|True freshmen review – Air Force|
|Written by Matt Pargoff|
Michigan’s 2012 recruiting class continues to play a major role in the Wolverines’ plan for the current season, with 11 true freshmen seeing action against Air Force. While four from the group were limited exclusively to special teams play, the remaining seven saw extensive work on the offense and defense. Read on for a complete breakdown of the performance of the youngsters.
LB Joe Bolden – While Funchess made the more memorable plays, it was actually Bolden who saw by far the most action of any true freshman in the game. He did not see the field during Air Force’s first two possessions; however, early in the second quarter, he stepped in for Kenny Demens at middle linebacker. He made a solo tackle on his first play of the game and was involved in the third down stop just two plays later. He returned for the next possession, once again making his presence known in a Falcons’ three-and-out.
After Denard Robinson’s interception at midfield, Demens returned to action, but that would be the veteran’s final action of the contest. Bolden took every defensive snap of the second half.
While it may be difficult to lob too much praise at any defensive player in a game where Michigan surrendered 290 rushing yards, the young freshman handled the situation well. He was involved in stopping Air Force’s faked field goal, which turned out to be a key play in the game. Bolden finished second on the squad in tackles, with 10 total stops. Six of his tackles were recorded as solo stops, which led all Wolverines.
TE Devin Funchess – Funchess entered the game for Michigan’s fourth offensive play and immediately made his presence known. Off a play action fake, the young freshman broke wide open, and caught Robinson’s quick pop pass for a 21 yard gain. He returned in the second quarter, pulling in a 29 yard reception off a wheel route. Later on the same possession, he ran a post-corner route, and pulled in the underthrown lob for a 30 yard touchdown.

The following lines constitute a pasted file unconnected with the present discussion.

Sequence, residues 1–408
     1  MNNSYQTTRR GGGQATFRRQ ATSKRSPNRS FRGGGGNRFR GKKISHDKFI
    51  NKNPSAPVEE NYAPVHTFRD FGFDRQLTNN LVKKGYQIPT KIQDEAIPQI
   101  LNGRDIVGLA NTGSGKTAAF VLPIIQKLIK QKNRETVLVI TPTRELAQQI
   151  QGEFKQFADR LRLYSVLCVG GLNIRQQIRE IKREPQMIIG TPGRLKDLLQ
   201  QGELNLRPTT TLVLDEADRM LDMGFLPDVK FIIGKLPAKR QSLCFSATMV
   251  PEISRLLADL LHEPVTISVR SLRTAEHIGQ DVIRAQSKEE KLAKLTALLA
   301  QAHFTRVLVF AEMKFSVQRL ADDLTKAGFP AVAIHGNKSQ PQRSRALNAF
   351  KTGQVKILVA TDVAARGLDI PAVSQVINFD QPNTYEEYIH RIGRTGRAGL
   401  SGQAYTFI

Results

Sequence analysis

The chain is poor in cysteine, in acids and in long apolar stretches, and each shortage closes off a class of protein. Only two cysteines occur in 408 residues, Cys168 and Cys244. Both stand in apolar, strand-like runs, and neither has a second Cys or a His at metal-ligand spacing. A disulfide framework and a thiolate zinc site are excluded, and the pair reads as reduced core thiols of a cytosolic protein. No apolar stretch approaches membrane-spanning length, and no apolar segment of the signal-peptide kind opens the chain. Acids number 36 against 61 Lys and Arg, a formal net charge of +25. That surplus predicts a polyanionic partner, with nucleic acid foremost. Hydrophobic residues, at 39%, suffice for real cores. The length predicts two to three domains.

Other than Michigan’s final possession of first half, Funchess was used exclusively on pass plays. On that last possession he was present for a read option and stayed in to pass block once. The young tight end made his final reception of the day in the third quarter, on a play that was very similar to his second grab. Mike Kwiatkowski lined up as a “bastard tight end,” with Funchess inside him as a wing back. Kwiatkowski drew coverage to the inside, while Funchess slipped away from defenders, and his own shoe, on the wheel route. Showing excellent concentration, he tipped the ball up with one hand, before reeling it in for a 26 yard gain.
Ultimately, Kwiatkowski probably saw the most snaps of the tight ends. And fellow true freshman A.J. Williams was on the field far more than Funchess in the fourth quarter. However, for only being mixed in throughout the game, Funchess made a huge impact. His four grabs racked up 106 yards, making him the first Michigan tight end to have a 100-yard receiving effort since Jerame Tuman’s opening day performance against Colorado in 1997.
TE A.J. Williams – As noted, Williams saw extensive action in the fourth quarter; however, he was mixed into the game plan throughout the contest. He was used primarily as a blocker on running plays, and was involved on Robinson’s second long touchdown run, which took place at the start of second half. While right guard Patrick Omameh made the key block to allow the cutback, Williams and left guard Ricky Barnum combined to take Air Force’s middle linebacker out of the play, leaving a clear lane for the speedy signal caller to run through.
While Williams was soundly beat on one play in the first half, and had one second half play where he was late getting out of his stance, the young freshman had very solid showing as a blocker for the second week in a row. He was used mostly as a run blocker, but also stayed in to block on an occasional pass play.